Thirteen years after his death, Leonard Bernstein is the toast of Broadway again and the subject of six CD releases of his work.
By JOHN FLEMING
Published November 30, 2003
NEW YORK - Leonard Bernstein is back on Broadway, and his music brightens what had threatened to be a dim season. A revival of Wonderful Town, with the sparkling score that Bernstein and his collaborators, Betty Comden and Adolph Green, knocked out in a month, opened last week to raves for its leading lady, Donna Murphy.
There is also a batch of Bernstein CDs out that demonstrate anew what a versatile talent he was, crossing over from the New York Philharmonic, of which he was music director, to musical theater with consummate grace.
Broadway had been reeling this fall from a string of less than wonderful new shows, among them the fiasco of the Rosie O'Donnell/Boy George partnership, Taboo, and a leaden take on Wizard of Oz mythology, Wicked.
But then Wonderful Town came along to tell one of New York's favorite stories about itself, how young people from the provinces come to the city in search of fame and fortune. Murphy and Jennifer Westfeldt, making her Broadway debut, are Ruth and Eileen Sherwood, sisters from Ohio who land in a basement apartment in Greenwich Village, circa 1935.
Ruth is the brain, a writer; Eileen is the beauty, an actor. Their efforts to make it in the Big Apple were first recounted in Ruth McKenney's short stories in the New Yorker that were collected in a popular book, My Sister Eileen. Then they were the basis of a play and two movies. Rosalind Russell starred in the 1942 movie as well as the original musical in 1953.
Murphy, a two-time Tony winner for Passion and The King and I, is marvelous in a screwball comedy sort of way, delivering her wisecracks with perfect timing, as when she identifies herself as the owner of a typewriter with the "W" missing.
"It fell off after I finished my thesis on Walt Whitman," she deadpans. "I'm the only author who doesn't use a "W.' "
The original play and musical were written for the inimitable Russell, but she was no singer, as documented in recordings from the 1950s of her sometimes screechy performance. Murphy brings a combination of expert singing and comic finesse to the role.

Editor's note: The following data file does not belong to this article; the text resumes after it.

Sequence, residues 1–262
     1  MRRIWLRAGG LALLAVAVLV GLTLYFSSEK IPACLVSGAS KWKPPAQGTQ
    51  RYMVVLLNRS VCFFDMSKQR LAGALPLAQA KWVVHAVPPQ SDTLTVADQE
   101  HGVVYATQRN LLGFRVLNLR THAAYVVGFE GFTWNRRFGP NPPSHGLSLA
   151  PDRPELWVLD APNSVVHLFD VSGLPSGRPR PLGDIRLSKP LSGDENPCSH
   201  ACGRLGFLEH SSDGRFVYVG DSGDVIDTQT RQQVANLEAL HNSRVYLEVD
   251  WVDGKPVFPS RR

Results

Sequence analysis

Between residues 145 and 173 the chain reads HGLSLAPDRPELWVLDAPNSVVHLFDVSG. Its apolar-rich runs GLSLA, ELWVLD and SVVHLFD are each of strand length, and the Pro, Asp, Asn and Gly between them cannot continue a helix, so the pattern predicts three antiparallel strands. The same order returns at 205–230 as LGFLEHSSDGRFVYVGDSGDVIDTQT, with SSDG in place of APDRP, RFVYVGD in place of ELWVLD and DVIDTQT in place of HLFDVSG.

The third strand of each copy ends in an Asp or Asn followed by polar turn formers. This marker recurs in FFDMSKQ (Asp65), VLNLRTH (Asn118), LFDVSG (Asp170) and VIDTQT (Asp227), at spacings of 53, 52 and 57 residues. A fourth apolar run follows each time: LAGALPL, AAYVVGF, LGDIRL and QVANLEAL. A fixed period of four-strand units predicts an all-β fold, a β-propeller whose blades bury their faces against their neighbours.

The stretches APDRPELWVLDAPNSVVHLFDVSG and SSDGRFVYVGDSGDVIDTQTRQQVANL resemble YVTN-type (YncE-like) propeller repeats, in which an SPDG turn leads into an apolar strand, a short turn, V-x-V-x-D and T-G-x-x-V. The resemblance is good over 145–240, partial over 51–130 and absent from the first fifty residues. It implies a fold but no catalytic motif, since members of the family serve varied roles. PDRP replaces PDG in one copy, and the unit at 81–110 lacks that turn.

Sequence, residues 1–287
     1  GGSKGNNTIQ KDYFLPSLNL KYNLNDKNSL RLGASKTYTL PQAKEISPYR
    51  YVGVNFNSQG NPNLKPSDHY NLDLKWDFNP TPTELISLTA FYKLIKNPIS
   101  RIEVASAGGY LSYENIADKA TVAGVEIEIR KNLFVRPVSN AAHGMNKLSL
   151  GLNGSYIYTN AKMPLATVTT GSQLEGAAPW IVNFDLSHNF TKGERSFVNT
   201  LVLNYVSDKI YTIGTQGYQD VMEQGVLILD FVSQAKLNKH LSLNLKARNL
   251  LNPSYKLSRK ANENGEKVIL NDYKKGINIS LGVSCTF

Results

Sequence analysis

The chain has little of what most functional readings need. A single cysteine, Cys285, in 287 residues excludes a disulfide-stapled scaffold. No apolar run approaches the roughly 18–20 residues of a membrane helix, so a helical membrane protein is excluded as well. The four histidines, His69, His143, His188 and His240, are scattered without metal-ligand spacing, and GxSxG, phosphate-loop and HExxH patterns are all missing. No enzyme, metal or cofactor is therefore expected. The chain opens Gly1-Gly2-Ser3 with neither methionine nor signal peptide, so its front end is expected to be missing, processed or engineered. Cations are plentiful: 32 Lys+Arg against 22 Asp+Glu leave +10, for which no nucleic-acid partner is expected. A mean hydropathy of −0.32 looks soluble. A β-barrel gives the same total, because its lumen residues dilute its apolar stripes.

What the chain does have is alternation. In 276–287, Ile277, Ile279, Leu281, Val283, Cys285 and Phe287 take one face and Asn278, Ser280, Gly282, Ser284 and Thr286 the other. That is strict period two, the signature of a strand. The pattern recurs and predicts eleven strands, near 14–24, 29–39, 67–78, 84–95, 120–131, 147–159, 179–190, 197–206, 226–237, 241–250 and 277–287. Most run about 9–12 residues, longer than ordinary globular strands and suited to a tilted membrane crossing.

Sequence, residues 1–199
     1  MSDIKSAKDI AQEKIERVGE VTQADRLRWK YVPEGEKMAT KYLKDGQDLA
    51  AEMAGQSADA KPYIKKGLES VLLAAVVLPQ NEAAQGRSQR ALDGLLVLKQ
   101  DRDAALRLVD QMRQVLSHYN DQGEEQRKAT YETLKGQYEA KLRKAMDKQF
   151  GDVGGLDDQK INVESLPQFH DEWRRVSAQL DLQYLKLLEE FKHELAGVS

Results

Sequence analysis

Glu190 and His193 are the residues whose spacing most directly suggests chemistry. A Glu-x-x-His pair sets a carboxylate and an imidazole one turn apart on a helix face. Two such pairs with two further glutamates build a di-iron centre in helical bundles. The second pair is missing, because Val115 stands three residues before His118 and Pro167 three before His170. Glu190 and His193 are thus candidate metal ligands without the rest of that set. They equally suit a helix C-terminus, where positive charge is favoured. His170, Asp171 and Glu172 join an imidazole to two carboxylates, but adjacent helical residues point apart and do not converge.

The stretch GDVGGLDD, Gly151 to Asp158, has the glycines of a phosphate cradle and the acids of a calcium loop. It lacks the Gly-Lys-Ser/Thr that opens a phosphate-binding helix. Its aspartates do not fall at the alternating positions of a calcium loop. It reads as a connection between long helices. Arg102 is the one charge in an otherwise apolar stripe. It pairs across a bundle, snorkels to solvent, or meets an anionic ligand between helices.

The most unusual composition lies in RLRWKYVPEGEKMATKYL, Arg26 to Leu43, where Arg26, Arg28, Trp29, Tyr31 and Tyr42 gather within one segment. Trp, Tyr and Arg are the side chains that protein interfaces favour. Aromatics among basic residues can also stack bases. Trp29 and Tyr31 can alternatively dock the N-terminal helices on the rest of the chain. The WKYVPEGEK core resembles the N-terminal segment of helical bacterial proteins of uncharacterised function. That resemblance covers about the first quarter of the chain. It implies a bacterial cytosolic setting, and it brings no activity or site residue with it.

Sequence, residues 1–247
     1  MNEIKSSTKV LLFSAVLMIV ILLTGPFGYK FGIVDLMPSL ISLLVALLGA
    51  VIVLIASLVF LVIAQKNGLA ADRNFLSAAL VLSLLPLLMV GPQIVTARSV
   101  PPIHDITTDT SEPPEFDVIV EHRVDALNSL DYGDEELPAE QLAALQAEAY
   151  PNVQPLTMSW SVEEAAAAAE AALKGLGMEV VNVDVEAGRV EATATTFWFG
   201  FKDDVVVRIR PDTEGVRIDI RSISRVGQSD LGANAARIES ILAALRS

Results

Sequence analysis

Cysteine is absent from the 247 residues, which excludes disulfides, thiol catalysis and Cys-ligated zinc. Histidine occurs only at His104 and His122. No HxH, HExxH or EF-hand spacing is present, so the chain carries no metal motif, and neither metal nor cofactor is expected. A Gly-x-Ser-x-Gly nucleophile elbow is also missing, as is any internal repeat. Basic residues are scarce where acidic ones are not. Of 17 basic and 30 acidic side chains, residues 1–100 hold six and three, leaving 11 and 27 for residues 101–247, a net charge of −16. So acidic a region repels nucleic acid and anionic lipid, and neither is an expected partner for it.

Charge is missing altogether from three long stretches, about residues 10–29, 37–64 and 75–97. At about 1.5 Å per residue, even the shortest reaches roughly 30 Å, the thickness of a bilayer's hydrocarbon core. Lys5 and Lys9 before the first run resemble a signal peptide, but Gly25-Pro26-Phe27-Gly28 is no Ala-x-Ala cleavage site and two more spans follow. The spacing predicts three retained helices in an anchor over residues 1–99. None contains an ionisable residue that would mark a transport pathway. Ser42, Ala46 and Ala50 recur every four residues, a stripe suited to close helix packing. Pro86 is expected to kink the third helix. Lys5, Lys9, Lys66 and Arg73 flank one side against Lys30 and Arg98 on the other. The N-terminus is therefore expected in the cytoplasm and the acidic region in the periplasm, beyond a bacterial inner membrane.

Blade thin in a smartly tailored suit, she acts out songs in delectable fashion, from her riotous Conga! with a group of Brazilian sailors to her touching duet with Westfeldt about throwing in the towel and going back home, Ohio.
In the end, of course, the sisters regroup and vow to conquer New York: "Up and at 'em!" Ruth urges Eileen. "We're going to take this town."
Along with Murphy, the show's other big asset is the 24-piece orchestra positioned on risers that occupy the back half of the stage of the Al Hirschfeld Theatre. Rob Fisher conducts the Bernstein arrangements in all their infectious, jazzy glory, without any of the pumped-up amplification and synthesizer sweetening that has ruined the sound of many a musical in recent years.
The Wonderful Town revival shares a lineage with the long-running Chicago, which is still playing on Broadway and has spawned numerous tours. Both originated as part of the Encores! series of concert versions of musicals. Like the Kander and Ebb musical, the Bernstein-Comden-Green show has been staged simply, in this case by director-choreographer Kathleen Marshall, in the transfer to a full production. Minimal sets depicting the Manhattan skyline, the Brooklyn Navy Yard, a jail and other places drop down between the orchestra and the relatively narrow space where the cast performs.